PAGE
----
Tuesday, September 8, 2015
New Concept camera in the works from Canon
Check out this news blurb about a cinema concept camera in the works from Canon:
That red line around the lens is an indication that this is part of Canon's luxury - best line of lenses.
In my opinion the discussion about it being 8k is important. It is an indicator of the camera's range of ability, and the article talks about 300 pixels per inch [summarizing] -approaching the limit of human visibilty-.
It is the same difference between a 2 watt audio amplifier and a 500 watt audio amplifier.
The 2 watt will be audible but probably won't reproduce great sound at all ends of its range of audio volume. The 500 watt unit will probably have better electronics in it, if the engineer that designed it was looking to build quality, and a better sound through most of its range of volume.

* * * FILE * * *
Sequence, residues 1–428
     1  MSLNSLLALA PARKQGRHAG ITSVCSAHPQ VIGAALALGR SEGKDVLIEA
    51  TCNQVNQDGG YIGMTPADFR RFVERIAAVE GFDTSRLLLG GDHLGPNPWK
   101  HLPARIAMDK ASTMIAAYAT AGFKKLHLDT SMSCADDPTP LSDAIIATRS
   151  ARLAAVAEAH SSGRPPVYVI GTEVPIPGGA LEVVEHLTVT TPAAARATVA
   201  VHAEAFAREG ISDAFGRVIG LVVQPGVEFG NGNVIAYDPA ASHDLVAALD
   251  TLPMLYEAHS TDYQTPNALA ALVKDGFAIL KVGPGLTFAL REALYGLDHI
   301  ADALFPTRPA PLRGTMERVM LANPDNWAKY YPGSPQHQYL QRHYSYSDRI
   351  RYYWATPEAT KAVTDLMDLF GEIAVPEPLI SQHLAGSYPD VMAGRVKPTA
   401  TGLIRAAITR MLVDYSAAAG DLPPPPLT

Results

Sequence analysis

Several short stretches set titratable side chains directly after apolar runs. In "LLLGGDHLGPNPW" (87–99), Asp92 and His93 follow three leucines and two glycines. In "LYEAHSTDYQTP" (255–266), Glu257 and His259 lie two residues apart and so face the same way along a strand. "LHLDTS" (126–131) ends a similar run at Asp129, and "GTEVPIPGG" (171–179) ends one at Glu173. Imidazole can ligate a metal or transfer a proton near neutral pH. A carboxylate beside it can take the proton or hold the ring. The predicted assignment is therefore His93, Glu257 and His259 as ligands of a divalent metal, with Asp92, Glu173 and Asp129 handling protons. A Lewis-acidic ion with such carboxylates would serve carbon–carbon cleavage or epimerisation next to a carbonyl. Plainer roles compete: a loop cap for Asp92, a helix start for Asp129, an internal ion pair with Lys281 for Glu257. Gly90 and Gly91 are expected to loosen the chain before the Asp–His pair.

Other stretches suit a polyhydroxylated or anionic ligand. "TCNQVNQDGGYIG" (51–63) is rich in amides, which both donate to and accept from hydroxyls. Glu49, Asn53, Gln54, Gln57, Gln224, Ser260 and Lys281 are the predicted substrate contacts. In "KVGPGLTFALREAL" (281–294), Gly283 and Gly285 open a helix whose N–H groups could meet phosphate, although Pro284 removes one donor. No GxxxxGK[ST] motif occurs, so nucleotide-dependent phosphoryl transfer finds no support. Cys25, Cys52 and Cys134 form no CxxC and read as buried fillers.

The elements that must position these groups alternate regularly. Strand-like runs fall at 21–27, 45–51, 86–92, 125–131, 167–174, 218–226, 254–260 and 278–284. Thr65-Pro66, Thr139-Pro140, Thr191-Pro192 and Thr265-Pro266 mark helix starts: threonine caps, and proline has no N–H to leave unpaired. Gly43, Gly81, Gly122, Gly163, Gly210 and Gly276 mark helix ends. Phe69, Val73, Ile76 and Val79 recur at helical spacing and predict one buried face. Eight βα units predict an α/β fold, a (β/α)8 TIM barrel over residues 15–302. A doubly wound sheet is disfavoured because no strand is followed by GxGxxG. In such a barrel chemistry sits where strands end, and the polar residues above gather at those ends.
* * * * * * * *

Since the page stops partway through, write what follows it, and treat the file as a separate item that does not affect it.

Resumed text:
What this means is that even on smaller displays, like a smartphone, you will have a better picture, even if your smartphone has a poor display.
And if you have an 8k capable unit, you'll get near film quality resolution.
Keep in mind the eye, and the human brain, combined, is the ultimate resolver.
Read this for visual acuity of the human eye,
I like the part about 180,000 rods per square MILLIMETER at the fovea.
That is about 116 million rods per square inch if my math is right, or about 387 thousand rods per pixel.
The eye then brings a lot of definition, or resolution, to each pixel.
And keep in mind, a pixel on a monitor is easy to see when one goes out. A pixel on a camera pickup is pretty small and may go un-noticed without careful examination.
Film on the other hand works at the chemical level. You can't get much smaller than a molecule of silver halide, which coats film.
Therefore to say this camera is reaching the limits of human visibility is an interesting comment. If I had to tell the difference between one rod being one color and another rod being another color I don't suppose I could tell the difference.
The question is what is the limit of human visibility? How small does a pixel have to be before the human eye and the brain together can't tell the difference between one pixel and the pixel next to it?
Posted by ChBaldwin at 6:05 PM